"A Driver's Education" is a story about a driving instructor longing for a lost time of joy with both his wife and voice.
Driving school should be illegal in the early mornings of February. Unfortunately, these kiddies wouldn’t wait for the weather to change. In the woods by the parking lot, a hairy woodpecker discovered a vein of ants in an aspen. It’s pecking had a beat Pinkus couldn’t deny. His foot tapped the car mat as he made up a song: a sapsucker’s delight, a bird will eat tonight, the ants go round, he gobbles them down, he may or he might.
A student would have far worse distractions than their teacher’s coffee breath. Pinkus adjusted the rear-view mirror to see how many blood stained pieces of tissue paper were still stuck to his neck. Two. He flicked them off and onto the floor. They disappeared into the muddy puddles of slush on the car mat.
A manila folder sat on his swivel chair. It had a pink neon post it note that read: She’s waiting! The office was warm but not quite stuffy. Pinkus didn’t want to go back outside already. His car reeked of mildew from the wet mats. He hoped to have his first student after the sun had a chance to work its magic.
Pinkus picked up the folder and looked at the paper clipped kid. Lydia. He had to chuckle at her sleepy brown eyes and defiant smile. She failed her last two driver’s tests but never held it against him. Pinkus used to have a better success rate. He shot a look up at the big board and saw his name falling off the bottom. The magnetic ‘P’ hung slightly below the ‘I’ and the ‘S’. It was sideways like a half eaten bowl of infinity.
The aroma of sweet wood seeped into the pores of the office. They worked out of a relatively residential neighborhood. Someone must have started a fire nearby. Pinkus wondered if his wife lit a fire in their home? He told Alice not to turn the heat up past sixty-four degrees. It was early when he left the house. Her bedroom door had been ajar as he tiptoed by, hoping not to have her hear the creak of the floorboards.
Now the wind died down enough to make the day feel more like fifty degrees than thirty. Pinkus looked like a grizzled cowhand with his tan ranch coat. The costume department of Seven Brides for Seven Brothers gave it to him as a parting gift. It was his last leading roll, fifteen summers ago in a small beach town in New Hampshire. He could still feel the spurs on his boots. It gave his walk a bit of a swagger as he moseyed on over to Lydia.
Lydia stood by an All Star sedan in an army jacket two sizes too big for her frame. She shivered when she saw Pinkus approach. It was a subtle hint at how long he’d kept her waiting outside. He resisted the urge to run back in to grab her a scarf. She’d tell him scarves were lame. Her long brown hair streamed down her back and she wore jeans covered in patches and safety pins. They might disintegrate at any minute. He rubbed his finger on the uneven grooves at the base of the clipboard and took the red inked pen out from behind his ear. She smiled and pointed at the back of his clipboard like a little kid at the zoo.
“Led Zeppelin,” she commented.
He was caught off guard and must have grabbed a coworker’s board when he walked out of the office. He flipped it over to see the bumper sticker of a blimp leaning towards the earth.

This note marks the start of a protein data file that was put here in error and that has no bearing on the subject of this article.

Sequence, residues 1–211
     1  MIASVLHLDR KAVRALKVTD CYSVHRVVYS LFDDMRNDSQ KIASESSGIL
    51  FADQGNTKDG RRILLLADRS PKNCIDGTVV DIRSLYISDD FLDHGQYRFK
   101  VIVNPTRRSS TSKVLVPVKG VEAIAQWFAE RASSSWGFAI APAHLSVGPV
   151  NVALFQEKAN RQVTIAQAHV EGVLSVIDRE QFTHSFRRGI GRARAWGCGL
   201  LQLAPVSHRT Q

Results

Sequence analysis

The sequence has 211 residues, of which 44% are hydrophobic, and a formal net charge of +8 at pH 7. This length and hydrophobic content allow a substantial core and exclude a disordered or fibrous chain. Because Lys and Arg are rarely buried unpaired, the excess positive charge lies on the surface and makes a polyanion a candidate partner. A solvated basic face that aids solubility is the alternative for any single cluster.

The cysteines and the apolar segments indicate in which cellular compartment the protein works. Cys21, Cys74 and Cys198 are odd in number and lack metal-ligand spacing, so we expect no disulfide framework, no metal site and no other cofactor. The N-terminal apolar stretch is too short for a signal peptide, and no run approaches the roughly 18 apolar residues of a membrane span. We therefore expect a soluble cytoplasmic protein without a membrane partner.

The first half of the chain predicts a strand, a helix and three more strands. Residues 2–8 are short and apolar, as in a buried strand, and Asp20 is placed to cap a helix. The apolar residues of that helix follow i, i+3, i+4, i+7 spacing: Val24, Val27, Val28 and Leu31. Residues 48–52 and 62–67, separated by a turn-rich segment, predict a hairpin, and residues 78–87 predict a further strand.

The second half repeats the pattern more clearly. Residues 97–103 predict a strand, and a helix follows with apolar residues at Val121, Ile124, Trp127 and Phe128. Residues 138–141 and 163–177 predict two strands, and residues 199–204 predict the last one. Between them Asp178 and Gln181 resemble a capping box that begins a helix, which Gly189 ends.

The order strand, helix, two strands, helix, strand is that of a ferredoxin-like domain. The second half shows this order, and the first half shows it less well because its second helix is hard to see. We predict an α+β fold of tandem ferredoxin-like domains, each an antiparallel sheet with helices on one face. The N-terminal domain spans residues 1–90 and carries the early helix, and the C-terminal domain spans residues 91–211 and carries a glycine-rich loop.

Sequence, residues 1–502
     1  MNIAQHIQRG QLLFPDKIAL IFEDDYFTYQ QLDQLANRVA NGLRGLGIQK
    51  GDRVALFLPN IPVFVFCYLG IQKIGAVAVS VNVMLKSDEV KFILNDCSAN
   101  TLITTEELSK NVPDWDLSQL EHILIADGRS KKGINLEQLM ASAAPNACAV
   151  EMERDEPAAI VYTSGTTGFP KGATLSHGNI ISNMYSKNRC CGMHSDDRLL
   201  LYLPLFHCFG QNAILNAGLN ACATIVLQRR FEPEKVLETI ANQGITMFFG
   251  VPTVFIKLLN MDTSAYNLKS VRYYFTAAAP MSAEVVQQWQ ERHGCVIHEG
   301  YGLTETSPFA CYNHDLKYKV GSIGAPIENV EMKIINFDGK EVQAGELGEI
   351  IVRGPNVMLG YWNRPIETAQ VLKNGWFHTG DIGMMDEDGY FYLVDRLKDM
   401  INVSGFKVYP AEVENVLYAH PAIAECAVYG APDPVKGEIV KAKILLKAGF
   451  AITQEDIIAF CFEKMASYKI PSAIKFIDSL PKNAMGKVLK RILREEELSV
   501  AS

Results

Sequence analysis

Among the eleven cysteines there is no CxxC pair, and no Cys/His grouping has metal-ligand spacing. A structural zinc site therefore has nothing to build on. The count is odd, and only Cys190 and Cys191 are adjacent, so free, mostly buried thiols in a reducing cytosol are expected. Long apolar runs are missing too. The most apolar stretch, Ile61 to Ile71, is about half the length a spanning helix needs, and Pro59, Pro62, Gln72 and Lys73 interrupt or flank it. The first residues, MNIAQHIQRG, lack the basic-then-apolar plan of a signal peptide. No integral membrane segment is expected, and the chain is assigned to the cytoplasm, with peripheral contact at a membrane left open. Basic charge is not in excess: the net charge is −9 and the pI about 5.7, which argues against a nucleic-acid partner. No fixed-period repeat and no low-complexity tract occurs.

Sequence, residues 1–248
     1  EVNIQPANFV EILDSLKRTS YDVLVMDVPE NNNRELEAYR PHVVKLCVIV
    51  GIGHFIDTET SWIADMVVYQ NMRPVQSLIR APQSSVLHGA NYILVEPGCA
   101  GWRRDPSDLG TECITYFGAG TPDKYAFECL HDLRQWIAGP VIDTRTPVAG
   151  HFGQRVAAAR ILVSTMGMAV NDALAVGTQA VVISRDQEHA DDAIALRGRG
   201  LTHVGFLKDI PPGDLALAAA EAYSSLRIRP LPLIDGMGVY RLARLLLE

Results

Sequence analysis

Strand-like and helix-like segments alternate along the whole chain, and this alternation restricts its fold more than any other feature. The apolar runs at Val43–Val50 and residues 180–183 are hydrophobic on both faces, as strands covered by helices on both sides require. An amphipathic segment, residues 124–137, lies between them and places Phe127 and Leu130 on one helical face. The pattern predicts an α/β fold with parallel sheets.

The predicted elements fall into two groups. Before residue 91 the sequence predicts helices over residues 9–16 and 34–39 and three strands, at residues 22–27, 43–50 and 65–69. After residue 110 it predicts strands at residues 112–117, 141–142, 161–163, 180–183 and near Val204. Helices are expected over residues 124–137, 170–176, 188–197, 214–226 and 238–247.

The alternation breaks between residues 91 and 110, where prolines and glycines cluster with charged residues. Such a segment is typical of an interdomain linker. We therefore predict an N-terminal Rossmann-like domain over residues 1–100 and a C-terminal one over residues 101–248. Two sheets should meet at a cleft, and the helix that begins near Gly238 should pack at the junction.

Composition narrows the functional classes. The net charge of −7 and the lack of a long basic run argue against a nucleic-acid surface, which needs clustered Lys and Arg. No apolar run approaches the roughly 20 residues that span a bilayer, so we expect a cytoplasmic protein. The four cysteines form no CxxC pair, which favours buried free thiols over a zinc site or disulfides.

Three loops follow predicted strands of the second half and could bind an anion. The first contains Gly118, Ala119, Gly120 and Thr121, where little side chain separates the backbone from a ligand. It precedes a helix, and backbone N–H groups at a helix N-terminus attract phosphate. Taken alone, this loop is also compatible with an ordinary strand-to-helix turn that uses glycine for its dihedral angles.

“Uhm, oh yes,” said Pinkus. “Not my clipboard, I’m more of a Broadway man.”
She shrugged her shoulders. “Kind of figured by the Seussical bumper sticker.”
He rushed to the back of the car to look. “There is certainly no Seussical…oh, good one.”
She laughed, covered her mouth and pointed at him. “Good music is good music, you should branch out. Can we get in the car? I’m freezing.”
Pinkus rushed around to open the door for her. She slipped into the driver’s seat as he sealed her in. Slightly out of breath, he knocked on the passenger seat’s window and mouthed to her to wait one second. He lumbered back into the lobby and tapped the vending machine for a roll of mint Lifesavers (anything in a roll didn’t count against his vending machine diet). The last roll dropped to the bottom of the machine with the sound of at least two or three of the mints not surviving the fall. Pinkus shoved his hand in the slot, but his wrist was too thick to reach the mints. He puffed out his cheeks and grunted as he felt the skin on his arm get scraped. Two mints seemed like the most appropriate dosage. He wondered if he could make them spark blue at the right moment in the car. Not to show off but to give himself an aura of mystery. He grabbed a scarf from the lost and found just in case.
The walk back to the car was hurried by the snapping wind. A single dead leaf, too stubborn to fall off its branch, drooped over the path. Pinkus didn’t notice the black ice by the curb. Luckily, he grabbed the tow away zone sign by its perforated pole to regain his footing. Pinkus looked toward the car to see if she saw his clumsiness in the rearview mirrors.
The car felt like it was filled with unicorns and rainbows. She’d turned up the heat and found an 80’s station playing the Bangles’ Walk like an Egyptian. She snapped a pink bubble at him and giggled. He grabbed for his clipboard and read her file.
“Lydia, your birthday’s coming up, isn’t it?” asked Pinkus.
“Eighteen in two weeks.” She blew a strand of hair and continued, “God, why’d I wait so long? Dad said I had to earn the right to drive. If I had to wait to vote then by gum-” She stuck a finger in her mouth and pulled the thumb trigger.
He looked at his student and wanted her to earn her father’s love.
“Your dad probably just wants you to take it seriously.”
“No, he’s cheap. He doesn’t want to share the car. He leaves me and mom stranded at home most weekends. Bow hunting with jerk offs from the garage. Mom’s a throwback.”
“Mousy, lets him walk all over her. Ask your father, oh, I don’t know, if it’s okay with him. You know she’s never been to New Haven? I just want to get her the hell out this town and show her….maybe that pizza place. Pepe’s? You ever been? You have kids?”
Pinkus’ ears rang with the barrage of questions.
“No, I..we were focused on…” he stammered.
“Yeah, you never struck me as the kid type. Too well rested and young looking.”
She looked into his eyes. He held her gaze, his seat creaked as he adjusted a leg. She looked away and laughed.
“What’s so funny?” Pinkus asked nervously.
“This car, never gets old to me.”
“Not sure I follow?”